The food system advances on peoples and territories through land grabbing, harassment and criminalization of peoples’ rights defenders, and displacement of peasants.
In this way, it limits the production of healthy food and the construction of food sovereignty. Factory farming and patriarchy are allied and mutually nourishing insofar as both are based on the domination of one group over the other.
Industrial agriculture, based exclusively on obtaining maximum short-term economic benefit, not only exploits resources and the commons as if they were unlimited, but also relies on the invisible labor of women. Despite the fact that women provide almost 80% of food production in the countries of the South and 50% of global food production, they are the most exposed to the lack of dietary diversity and to hunger, within the framework of economic and gender injustices from which they suffer.
There are currently around 1.6 billion women farmers in the world (more than a quarter of the population), but only 2% own the land they work. 80% of the world’s food is produced on small family farms, where women play a key role in all stages of food production. However, they do not enjoy control of the land and are therefore at the mercy of male landowners.
In addition to caring for crops and caring for family gardens, women also play a fundamental role in artisanal fishing, storage, conservation and reproduction of indigenous and Creole seeds, while also caring for domestic and care work, unpaid jobs.
In the specific case of Spain, rural women suffer from a double invisibility compared to urban women, in addition to the well-known inequality between rural and urban areas, gender implies more discrimination. Data from our country shows it: less than 9% of farms are run by women and among the women working on farms run by men, nearly 60% do not contribute to Social Security. Their work is essential for food production, for the care of common resources such as water or pasture, and yet they are not part of decision-making, neither on the farms nor in politics.
Faced with this situation, rural women have been organizing and claiming their role for some time; Women’s groups like Ganaderas en Red have gained great visibility in recent years. And it is that women not only represent the point of view of oppressed people who denounce pressure, exclusion and exploitation, but also construct reality from different economic practices in the midst of injustice and discrimination.
In this framework, from different women’s groups and Friends of the Earth, we seek to prioritize the sustainability of life over the law of the markets in force. It is about placing environmental and social justice alongside feminism, to show the relationships of cooperation and interdependence between human beings and nature. At this stage, it is necessary to speak of agroecology. Agroecology is feminist because it is based on production relations that respect the environment, as well as on fair and equal power relations between people and territories. At the same time “overcomes many of the dichotomies that reinforce the gender division of labor throughout the food system and make women’s work invisible”.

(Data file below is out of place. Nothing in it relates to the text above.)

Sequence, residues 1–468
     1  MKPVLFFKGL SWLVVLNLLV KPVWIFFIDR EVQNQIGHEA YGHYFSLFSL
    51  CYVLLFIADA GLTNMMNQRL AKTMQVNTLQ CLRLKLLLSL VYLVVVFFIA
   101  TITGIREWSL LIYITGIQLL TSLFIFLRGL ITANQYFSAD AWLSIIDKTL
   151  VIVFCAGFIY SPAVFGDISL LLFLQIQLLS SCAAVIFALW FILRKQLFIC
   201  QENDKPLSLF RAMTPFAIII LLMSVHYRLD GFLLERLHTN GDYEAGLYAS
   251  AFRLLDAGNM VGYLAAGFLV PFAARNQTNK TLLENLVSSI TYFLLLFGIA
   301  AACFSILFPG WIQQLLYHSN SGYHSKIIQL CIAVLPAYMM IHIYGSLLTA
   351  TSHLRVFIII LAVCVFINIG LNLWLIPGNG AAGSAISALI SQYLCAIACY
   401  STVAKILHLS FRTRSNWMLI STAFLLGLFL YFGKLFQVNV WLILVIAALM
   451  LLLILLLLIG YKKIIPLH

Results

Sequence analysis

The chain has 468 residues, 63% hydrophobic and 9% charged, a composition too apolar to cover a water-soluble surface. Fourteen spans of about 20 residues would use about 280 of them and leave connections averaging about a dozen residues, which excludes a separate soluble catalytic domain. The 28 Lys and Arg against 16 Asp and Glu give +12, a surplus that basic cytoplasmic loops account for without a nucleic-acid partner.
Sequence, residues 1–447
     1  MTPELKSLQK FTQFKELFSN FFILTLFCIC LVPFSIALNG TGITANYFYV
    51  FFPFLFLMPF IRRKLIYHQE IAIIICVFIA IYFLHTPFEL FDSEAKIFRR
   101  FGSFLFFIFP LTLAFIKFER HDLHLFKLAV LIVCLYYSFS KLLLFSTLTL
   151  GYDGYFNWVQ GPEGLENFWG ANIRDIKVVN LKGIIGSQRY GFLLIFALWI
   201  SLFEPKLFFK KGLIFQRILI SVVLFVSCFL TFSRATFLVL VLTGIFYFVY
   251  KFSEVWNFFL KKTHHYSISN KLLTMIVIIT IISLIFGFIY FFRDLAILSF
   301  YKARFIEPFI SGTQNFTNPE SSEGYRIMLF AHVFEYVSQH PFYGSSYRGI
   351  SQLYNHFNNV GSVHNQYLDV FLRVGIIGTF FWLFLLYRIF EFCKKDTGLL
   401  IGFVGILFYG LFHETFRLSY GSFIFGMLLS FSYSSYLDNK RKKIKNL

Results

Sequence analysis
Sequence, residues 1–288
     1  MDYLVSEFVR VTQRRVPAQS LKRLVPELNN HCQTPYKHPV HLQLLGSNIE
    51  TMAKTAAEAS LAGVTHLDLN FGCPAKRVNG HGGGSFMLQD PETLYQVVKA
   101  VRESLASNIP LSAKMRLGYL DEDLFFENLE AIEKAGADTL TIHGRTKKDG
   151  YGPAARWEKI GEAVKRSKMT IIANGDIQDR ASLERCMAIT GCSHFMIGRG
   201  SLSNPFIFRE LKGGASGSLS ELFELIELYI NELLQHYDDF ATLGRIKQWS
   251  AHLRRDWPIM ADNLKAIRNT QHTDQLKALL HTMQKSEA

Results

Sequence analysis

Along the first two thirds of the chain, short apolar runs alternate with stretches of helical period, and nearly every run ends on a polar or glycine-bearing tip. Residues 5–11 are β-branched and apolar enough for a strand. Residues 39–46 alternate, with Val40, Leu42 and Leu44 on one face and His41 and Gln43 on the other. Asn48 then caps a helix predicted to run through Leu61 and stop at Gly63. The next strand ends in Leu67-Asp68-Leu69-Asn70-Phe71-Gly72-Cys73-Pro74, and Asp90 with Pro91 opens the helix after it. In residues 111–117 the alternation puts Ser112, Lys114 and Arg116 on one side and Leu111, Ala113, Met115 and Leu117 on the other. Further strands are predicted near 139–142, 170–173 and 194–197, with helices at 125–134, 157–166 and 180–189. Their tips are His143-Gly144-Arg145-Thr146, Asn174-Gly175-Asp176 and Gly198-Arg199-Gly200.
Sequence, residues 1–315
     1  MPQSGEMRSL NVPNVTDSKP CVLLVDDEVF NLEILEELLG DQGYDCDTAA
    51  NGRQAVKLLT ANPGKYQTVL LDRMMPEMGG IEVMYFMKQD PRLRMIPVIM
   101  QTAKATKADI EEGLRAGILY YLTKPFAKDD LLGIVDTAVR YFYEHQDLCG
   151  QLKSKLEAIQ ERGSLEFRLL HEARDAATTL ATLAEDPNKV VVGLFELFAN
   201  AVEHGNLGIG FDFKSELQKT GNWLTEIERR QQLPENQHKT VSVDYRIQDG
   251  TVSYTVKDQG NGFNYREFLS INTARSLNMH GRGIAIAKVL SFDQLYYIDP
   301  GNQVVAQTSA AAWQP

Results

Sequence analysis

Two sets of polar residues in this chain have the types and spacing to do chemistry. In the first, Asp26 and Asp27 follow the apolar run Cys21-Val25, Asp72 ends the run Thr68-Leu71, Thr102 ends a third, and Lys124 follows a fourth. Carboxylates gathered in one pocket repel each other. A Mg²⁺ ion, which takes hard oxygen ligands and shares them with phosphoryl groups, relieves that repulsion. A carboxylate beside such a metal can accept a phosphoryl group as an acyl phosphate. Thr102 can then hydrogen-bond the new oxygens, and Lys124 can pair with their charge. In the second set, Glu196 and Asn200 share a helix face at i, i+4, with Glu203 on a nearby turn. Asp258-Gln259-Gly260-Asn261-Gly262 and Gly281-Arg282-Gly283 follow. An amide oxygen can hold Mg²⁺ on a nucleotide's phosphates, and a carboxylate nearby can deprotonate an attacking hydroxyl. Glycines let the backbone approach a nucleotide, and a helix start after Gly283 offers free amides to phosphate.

We know that the only fair and environmentally friendly agrifood system is agroecology. However, the social, cultural and economic model is based on serious problems of inequality rooted in capitalism and patriarchy. To achieve equality for all, for women to be part of a fairer production system and to be able to make their own decisions, system change is needed that leaves no one behind. In this way, we can end the systems that devalue, oppress and exploit women, people and the environment.
Agroecology is one of the main tools for building food sovereignty. A concept created from peoples and communities that seeks to reverse power relations and build from the local, gaining autonomy and democracy, based on cooperation and solidarity. It is therefore an alternative to the globalized economic model. Thus, food sovereignty and feminism are allies and both constitute collective actions that challenge gender roles as well as paradigms of inequality, oppression and exploitation.
A motto that has become increasingly important in recent years to guide our work as Friends of the Earth International, which we share with allied movements such as the World March of Women and La Via Campesina, is: “It there is no agroecology without feminism”. .
For all these reasons, we propose agroecology as an essential, urgent and necessary tool to build food sovereignty and eradicate patriarchy. We raise our voices to make visible and denounce that without feminism, there is no food sovereignty.
You can read the Friends of the Earth International publication here: Dismantling patriarchy (too) with food sovereignty